Buying a House in Japan as a Foreigner – Step 1

Buying a house isn’t a rushed decision. I have thought and prayed about it for over a few years. When I became sure that I wanted to work and live here in Japan for a long time, I started working on the dream.

Plan and Preparation 

To acquire a property here in Japan, I needed three main things:

  • a stable job
  • a permanent resident visa
  • financial savings


I am a full-time English teacher at a junior and senior high school here in Japan. My contract is on a yearly renewal. In my fourth year with the school, I learned that there is a law that all contractual employees can only stay at a company for a maximum of five years. After that, the company has to let you go or take you in as a permanent employee. Even though the school wanted to make my contract the same as all the other Japanese teachers, they couldn’t because I didn’t have a Japanese teaching license. Therefore, they would let me go for six months and hire me again to start another five years. If this happens, I will be unemployed for half a year from October 2021. So I thought that I had to process my permanent visa application before then. 

Thankfully, the school decided to keep me, and I can work continuously for many years there. And this became a significant factor in getting my house loan approved. 

If you want to read more about this, click this link –

Permanent visa

Towards the end of January, I submitted my permanent residency application. They said that it takes at least two to six months or even years for the result to come out, but I was very hopeful. I had been here in Japan for five years when I applied. My mom is a permanent visa holder. And my guarantor is a friend who just got her permanent visa, both Filipinos. I tried to prepare all the requirements meticulously since I strongly wanted to have permanent residency here. Without it, I couldn’t start looking at houses just yet.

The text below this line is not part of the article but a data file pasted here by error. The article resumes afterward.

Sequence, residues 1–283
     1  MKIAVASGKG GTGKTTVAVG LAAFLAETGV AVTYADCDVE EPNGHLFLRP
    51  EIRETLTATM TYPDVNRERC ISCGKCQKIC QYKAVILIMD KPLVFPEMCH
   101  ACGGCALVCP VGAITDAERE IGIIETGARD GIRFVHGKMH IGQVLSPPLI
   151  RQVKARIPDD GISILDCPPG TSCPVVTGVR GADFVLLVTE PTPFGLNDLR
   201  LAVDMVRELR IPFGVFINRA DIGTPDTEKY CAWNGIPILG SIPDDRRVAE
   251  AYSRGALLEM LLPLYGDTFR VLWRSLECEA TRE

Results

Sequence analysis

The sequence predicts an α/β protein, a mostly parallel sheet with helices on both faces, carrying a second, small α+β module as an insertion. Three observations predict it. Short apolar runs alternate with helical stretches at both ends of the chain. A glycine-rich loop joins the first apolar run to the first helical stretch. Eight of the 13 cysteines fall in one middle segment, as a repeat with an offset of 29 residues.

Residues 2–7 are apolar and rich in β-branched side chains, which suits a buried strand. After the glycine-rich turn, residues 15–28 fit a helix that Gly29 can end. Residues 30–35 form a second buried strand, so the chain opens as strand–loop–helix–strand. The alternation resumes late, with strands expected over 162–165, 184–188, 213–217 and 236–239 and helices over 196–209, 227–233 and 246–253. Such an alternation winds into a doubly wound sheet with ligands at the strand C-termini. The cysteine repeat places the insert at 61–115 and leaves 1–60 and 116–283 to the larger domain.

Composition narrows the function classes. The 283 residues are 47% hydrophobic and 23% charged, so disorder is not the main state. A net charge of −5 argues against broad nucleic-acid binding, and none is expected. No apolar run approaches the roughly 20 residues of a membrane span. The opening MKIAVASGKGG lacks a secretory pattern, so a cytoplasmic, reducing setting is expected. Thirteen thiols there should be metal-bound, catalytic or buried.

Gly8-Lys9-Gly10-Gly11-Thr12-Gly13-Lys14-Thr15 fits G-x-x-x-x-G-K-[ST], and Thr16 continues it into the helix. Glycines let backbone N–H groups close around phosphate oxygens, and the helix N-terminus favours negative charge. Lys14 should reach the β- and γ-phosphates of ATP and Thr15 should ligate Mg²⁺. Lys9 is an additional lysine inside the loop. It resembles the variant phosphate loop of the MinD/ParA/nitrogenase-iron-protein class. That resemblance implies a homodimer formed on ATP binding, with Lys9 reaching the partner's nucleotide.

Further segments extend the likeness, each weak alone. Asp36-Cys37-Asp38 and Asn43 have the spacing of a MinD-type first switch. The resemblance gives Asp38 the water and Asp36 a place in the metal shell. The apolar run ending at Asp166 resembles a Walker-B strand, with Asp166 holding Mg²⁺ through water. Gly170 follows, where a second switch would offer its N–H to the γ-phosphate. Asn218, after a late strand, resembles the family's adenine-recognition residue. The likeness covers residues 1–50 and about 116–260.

If you are planning to apply for a permanent visa, here’s the link to the requirements. –

Then after almost three months of waiting, I got the letter or “hagaki” from the immigration office and a new visa card. Finally, I can search for houses. 


Before submitting the permanent visa application, I made sure to pay all my unpaid health insurance bills, pension, and taxes. I even borrowed money from my credit card company so that I could make all those payments immediately. There was a time when I got so stressed that I had nothing in my bank account. I never want that to happen again.

So for months, I tried saving most of my income. I still had plenty of bills to pay and also my loans. But because of the pandemic, my mom and I didn’t have to spend a lot as we never went out to eat or shop at the mall. Whenever I wanted to buy something I didn’t really need, I’d think that I could use it to buy furniture or items for our future house, so I ended up saving the money. I was also able to sell a property, I and my mom bought in Manila.

Eventually, when we saw the house we liked, I knew that the next process was to apply for a house loan. I was aware that there would be credit checks, so I cleared all my previous loans before applying. When the bank representative interviewed me, I had no existing debts anywhere except the monthly expenses and bills I’ll get. 

Step 1

All these are the major requirements that helped me get my own house. This is my Step 1. 

So if you are thinking of buying a house here in Japan and you are from another country like me, I suggest you get a permanent visa first. Five years or more in a company would tell the bank that you have a stable job, especially if they see from your “gensen choshu-hyo” or tax withholding slip that your salary increases yearly. Although mine didn’t, as I was still a contractual employee in 2019 and 2020.

This photo isn’t mine, but here’s an example of a “gensenchoshu-hyo”.

The financial savings, it’s up to you. You can loan a house in full and even loan more for your furniture and other things. Of course, it’s best to clear all your loans and debts. However, some housebuilders are willing to lend you money for your loans or others to clear your credit, for the bank to approve you of a house loan.

But, if you already have all these requirements, you can proceed to the next step: researching and looking for your dream house—my Step 2.


One thought on “Buying a House in Japan as a Foreigner – Step 1

Comments are closed.

%d bloggers like this: